Multi-dimensional grand unification?

Einstein used reinman geometry (a kind of non-euclidean geometry where there are no parralel lines and other stuff) to describe how mass warps a four dimensional field (length, width, depth, time) and thus describes gravity.
this is the General Theory of Relativity

http://library.thinkquest.org/27930/media/metrictensor.gif

Later, The kaluza-Klein theory arose by adding one dimension to the General Theory of Relativity to give both gravity AND electromagnetism, the force which manifests itself as electricity, magnetizm, light, and chemical bonds.

http://feynman.physics.lsa.umich.edu/seminars/oklecture/oklecture11.gif

Eventially, you could add another twodeminsions to give the weak nuclear force, which is responsible for some kinds of nuclear decay, and finally four more dimensions to describe how quarks form together to make protons and neutrons.

http://members.aol.com/yggdras/paraphysics/image2.gif

Now, there is another little thing called the Standard Model:

which describe elementary particles by their mass, charge and spin.

A dimension is simply a linear measurement.

If space and time are dimensions, can mass, charge and spin be dimensions, too?

If so, can 11-D supergravity/supersymmetry/superstrings/M-theory have the additional three standard model dimensions added to it and yield more discoveries?

Physics grad student chiming in. What you’ve stumbled on is an idea that physicists use all the time, we call it “phase space.” Let’s say I’m studying a system composed of discrete particles that can move only in one dimension. I can plot their locations on a standard x-and-y-axis graph with x as position and y as time. OR, I can put x as position and y as momentum. That second graph is phase space.

Basically, any two (or more) quantities you can put on an axis can form their own phase space. Chemists have a graph of where the elements are plotted with nucleus size vs. stability that clearly shows the regions of extremely unstable nuclei.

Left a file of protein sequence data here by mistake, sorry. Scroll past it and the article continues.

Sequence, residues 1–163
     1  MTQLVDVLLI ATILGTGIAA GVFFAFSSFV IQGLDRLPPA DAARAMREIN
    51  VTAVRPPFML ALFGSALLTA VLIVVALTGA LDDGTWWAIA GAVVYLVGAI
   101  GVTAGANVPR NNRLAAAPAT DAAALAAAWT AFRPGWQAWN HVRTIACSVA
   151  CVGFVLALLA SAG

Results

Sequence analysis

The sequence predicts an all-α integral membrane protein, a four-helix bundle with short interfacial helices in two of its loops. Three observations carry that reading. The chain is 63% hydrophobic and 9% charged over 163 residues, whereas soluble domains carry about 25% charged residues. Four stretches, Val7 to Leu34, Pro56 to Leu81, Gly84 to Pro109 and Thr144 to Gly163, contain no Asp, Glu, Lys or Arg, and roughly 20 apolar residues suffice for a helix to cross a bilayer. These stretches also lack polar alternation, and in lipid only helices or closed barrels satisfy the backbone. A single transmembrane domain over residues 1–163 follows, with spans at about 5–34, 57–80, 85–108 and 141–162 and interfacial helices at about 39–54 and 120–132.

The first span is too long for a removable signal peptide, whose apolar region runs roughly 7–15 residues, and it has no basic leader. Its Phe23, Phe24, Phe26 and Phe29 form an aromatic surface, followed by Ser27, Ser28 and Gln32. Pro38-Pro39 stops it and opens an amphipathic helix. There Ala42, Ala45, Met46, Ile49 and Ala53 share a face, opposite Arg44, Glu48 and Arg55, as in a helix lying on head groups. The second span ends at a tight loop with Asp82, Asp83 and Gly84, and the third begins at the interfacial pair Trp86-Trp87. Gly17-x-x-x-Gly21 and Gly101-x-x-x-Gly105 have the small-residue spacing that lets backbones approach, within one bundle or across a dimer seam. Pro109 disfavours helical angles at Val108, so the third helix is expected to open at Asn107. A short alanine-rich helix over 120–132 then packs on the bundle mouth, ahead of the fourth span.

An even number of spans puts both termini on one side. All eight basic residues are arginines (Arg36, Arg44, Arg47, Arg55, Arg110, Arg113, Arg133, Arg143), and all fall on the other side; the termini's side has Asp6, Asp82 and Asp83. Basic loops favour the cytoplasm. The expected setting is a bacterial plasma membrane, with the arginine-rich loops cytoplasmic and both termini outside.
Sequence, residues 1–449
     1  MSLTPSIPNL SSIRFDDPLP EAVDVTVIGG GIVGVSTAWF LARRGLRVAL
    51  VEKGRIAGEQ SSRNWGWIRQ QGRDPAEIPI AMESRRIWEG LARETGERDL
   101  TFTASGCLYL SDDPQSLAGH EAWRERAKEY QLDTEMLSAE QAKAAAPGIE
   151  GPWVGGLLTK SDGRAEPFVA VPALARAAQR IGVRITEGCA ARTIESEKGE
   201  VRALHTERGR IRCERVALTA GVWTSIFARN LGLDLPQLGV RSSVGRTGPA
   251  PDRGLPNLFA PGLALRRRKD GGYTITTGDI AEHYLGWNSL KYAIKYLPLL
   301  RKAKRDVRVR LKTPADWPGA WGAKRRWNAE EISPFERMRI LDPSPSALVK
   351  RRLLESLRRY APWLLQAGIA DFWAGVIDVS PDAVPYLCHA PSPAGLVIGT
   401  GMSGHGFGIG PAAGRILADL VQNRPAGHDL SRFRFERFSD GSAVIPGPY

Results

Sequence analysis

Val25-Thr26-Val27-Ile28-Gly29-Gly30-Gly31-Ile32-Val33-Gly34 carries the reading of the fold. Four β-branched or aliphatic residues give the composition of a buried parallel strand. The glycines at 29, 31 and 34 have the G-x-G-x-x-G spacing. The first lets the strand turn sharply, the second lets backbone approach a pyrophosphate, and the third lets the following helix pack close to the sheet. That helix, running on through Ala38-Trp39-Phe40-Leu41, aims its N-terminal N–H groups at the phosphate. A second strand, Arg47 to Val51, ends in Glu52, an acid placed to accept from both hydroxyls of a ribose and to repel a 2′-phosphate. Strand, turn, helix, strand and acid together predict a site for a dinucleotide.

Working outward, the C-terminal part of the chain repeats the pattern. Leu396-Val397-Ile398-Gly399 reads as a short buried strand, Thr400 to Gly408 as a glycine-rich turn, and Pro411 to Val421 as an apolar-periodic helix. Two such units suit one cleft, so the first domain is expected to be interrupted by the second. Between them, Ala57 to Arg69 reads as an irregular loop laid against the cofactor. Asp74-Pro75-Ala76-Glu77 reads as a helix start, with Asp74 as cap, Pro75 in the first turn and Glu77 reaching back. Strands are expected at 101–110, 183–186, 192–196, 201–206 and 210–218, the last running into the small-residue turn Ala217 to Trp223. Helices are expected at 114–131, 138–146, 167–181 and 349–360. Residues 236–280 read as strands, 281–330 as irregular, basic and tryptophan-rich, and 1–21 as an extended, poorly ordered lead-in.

As far as mass, charge, and spin goes, it’s more complicated than that. Not only does each particle have an electric charge, but also a “charge” for the weak nuclear force and for the “strong” nuclear force. Mass may be considered as the gravitational “charge.” All it means is that each particle interacts more or less strongly with the different forces in a way that we can quantify.

But while particles can move through space and time, they cannot change their rest mass, their spin, or any of their charges. So while it might be useful to plot the known particles on graphs with those axes (to see, for example, if there’s a clear sign of a particle we haven’t observed yet), they’re not dimensions like the spatial and temporal dimensions are.

Nitpick: Riemann.
Reinman geometry would be more like “parallel lines meet on ‘The People’s Court,’ gotta watch Wapner.” :stuck_out_tongue:

Well, not exactly. “Charge”, for instance, doesn’t occupy some spatial dimension, but it does correspond to an extra dimension. What the parameters describe is gauge group representations, and those representations certainly do give extra dimensions worth considering.

As an example, electromagnetic interactions are governed by the gauge group U(1) – rotations of the circle. All simple representations of this group are one-complex-dimensional, and they’re parametrized by a single integer, which we interpret as charge (in units of the fundamental charge).

In fact, we don’t need the whole complex plane, since everything is determined by how the group acts on the unit circle. So we clip another copy of the unit circle (on which the group will act) to each point in spacetime to get five dimensions.

Mathochist, you’re correct of course (I’m actually just learning about this stuff in a math course, yay!), but what I meant was that while a particle can change its position by moving in a spatial dimension, it cannot change its charge by moving in a “charge dimension.” So in that sense it is different from the spatial and temporal dimensions.

Where does anti matter fit in?

In the context of the previous posts, you can think of the antiparticles being in that same “charge dimension,” but on the other side of the axis. For every particle, there exists an antiparticle with opposite electric charge. So if I draw the number line and put the electron at -1, the positron is at +1.

Further pushing the math angle, antimatter corresponds to dual representations of the gauge group.